Peter Pan – Review

Hiran Abeysekera and David Birrell as Peter Pan and Hook. Photo Tristram Kenton.jpg

JM Barrie may have written Peter Pan a full ten years before the First World War but the analogy was prescient.

Later, the author mourned the tragic loss of his own Peter in Ypres while the country wept as a nation’s youth was wiped out before their time.

So it seemed entirely fitting that Timothy Sheader’s magical and evocative Peter Pan, which opened the season at Regents Park Open Air Theatre on Friday, should reference the Great War.

There was something a little off-kilter about watching, what has now become a Christmas favourite, on the cusp of the summer.

But, thankfully, this is no pantomime but a super, family-friendly show that sets Barrie’s original story in an army hospital.

Hiran Abeysekera as Peter Pan (1). Photo Tristram Kenton.jpg

The juxtaposition works well as we see a ward of injured men who had put away the trappings of their youth to face adulthood prematurely and embark on an awfully big adventure fighting the Hun.

And there was Wendy (Kae Alexander), now a nurse, caring for the soldiers.

Under a pillow she finds a copy of Barrie’s The Little White Bird, the book that introduced Peter to the world, and starts reading for her injured Lost Boys.

This is a production brimming with imaginative scenes that have been beautifully, and skilfully realised by both Sheader and set designer Jon Bausor.

Tommies come on to shift hospital beds which moments later become Wendy’s House, an island, and fields of flowers. The trench around the stage is dressed as The Front Line and the stage itself is occasionally dismantled for dugouts and parts of the Jolly Roger.

Hiran Abeysekera, as the little boy who refuses to grow up, flies above the stage with the aid of sophisticated aerial rigging that sees him hooked to a series of bungee ropes.

It looks great fun and sees him effortlessly take off and land on and above the set.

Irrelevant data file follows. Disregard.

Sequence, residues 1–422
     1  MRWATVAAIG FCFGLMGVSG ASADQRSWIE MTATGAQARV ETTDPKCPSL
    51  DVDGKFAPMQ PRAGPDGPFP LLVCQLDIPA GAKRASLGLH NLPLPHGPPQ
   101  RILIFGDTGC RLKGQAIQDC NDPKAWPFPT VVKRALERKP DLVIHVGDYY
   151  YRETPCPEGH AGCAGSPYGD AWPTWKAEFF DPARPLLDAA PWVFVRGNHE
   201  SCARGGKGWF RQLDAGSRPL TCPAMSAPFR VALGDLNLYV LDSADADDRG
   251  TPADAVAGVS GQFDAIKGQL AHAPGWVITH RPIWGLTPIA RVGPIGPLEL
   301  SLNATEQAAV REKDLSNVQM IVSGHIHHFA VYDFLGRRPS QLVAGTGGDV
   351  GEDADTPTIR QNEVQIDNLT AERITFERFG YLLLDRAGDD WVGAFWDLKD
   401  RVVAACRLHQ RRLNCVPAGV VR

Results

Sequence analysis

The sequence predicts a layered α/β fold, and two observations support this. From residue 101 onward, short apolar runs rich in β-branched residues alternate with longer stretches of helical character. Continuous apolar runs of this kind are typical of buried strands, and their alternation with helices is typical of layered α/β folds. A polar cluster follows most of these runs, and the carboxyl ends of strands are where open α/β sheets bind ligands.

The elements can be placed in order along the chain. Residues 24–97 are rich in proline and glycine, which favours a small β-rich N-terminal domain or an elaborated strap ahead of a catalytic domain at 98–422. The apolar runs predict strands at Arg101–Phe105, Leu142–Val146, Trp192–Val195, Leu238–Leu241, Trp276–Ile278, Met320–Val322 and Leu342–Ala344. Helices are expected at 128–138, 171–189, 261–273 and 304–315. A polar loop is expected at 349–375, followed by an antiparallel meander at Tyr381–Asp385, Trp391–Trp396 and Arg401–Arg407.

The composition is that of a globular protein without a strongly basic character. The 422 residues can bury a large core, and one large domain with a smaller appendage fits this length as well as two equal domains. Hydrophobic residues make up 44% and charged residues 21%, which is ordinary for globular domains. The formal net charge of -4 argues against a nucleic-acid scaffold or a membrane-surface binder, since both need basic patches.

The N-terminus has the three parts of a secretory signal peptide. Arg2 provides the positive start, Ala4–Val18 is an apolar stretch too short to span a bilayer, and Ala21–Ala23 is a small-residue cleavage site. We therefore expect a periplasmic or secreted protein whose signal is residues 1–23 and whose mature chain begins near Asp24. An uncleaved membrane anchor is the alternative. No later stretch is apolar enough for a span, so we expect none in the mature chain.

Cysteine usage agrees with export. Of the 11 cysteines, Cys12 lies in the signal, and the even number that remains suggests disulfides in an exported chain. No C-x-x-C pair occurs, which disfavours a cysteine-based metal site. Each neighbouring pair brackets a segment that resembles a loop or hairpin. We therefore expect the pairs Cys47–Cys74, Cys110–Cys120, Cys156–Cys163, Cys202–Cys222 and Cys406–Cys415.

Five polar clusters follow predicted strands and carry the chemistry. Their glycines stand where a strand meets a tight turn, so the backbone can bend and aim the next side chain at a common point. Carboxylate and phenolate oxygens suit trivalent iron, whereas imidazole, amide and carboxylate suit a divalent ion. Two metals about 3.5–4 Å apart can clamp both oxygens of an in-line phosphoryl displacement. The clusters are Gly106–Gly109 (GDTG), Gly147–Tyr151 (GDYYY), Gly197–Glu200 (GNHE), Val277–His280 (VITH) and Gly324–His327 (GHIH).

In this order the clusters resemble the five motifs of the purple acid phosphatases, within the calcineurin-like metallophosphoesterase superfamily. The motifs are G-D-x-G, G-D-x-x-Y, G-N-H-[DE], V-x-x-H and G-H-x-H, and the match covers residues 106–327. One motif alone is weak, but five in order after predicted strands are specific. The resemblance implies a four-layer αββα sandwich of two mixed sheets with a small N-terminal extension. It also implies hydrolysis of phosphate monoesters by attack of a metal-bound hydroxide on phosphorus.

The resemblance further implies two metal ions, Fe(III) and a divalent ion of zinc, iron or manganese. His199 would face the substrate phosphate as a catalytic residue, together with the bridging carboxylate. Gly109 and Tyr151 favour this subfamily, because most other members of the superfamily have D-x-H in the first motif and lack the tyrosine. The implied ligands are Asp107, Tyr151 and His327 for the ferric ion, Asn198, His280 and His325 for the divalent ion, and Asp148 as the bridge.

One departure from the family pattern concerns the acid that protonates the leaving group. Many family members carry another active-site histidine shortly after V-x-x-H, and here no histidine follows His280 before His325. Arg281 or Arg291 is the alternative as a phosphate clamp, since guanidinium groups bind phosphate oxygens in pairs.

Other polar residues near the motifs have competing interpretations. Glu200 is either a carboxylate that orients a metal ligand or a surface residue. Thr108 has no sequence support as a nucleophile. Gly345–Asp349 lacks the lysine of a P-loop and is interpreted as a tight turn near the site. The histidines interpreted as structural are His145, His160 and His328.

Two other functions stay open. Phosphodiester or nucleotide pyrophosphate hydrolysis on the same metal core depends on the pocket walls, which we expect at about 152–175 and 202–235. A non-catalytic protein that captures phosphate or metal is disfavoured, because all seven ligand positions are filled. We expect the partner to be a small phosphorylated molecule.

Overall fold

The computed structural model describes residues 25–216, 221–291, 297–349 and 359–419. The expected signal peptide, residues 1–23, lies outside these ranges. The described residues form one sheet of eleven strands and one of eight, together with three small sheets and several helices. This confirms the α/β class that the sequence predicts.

His Pan is brimming with naïve charm and bravado, a swaggering child-like hero who lives in a world where anything is possible if you belief it to be.

Peter Pan. Photos Tristram Kenton

Pan’s nemesis, Captain Hook, forsakes the traditional Cavalier curls for a look closer to the Kaiser, as the villain of the piece (and David Birrell gives us a great cartoon rogue).

His adversary is, of course, the crocodile and again the OAT comes up trumps with an inspired piece of staging.

It doesn’t stop with the crocodile. The mermaids (wearing gas masks) and Tinkerbell are fantastic puppets, jellyfish are created out of umbrellas and schools of fish fashioned from pyjama bottoms.

The Lost Boys are naturally childlike and gushing with innocence. They are expertly portrayed by George Bukhari (Nibs); Eben Figueiredo (an endearing Tootles); Thomas Pickles (Slightly); Jacob James Beswick and Chris Lew Kum Hoi (Twins) and Richard James Neale (Curly).

And the pirates, splendidly attired by costume designer Jon Morrell, are like a bunch of super anti-heroes (and just as athletic – particularly Arthur Kyeyune and the dandy Jonathan Holby).

This is a delightful romp that roots Peter Pan in a reality that we can all relate to. There are moments of poignancy, scenes of pure comedy, and a story that sweeps you from a bombed-out hospital to a land beyond the stars.

An opening production that is an absolute triumph.

Peter Pan runs until June 14.

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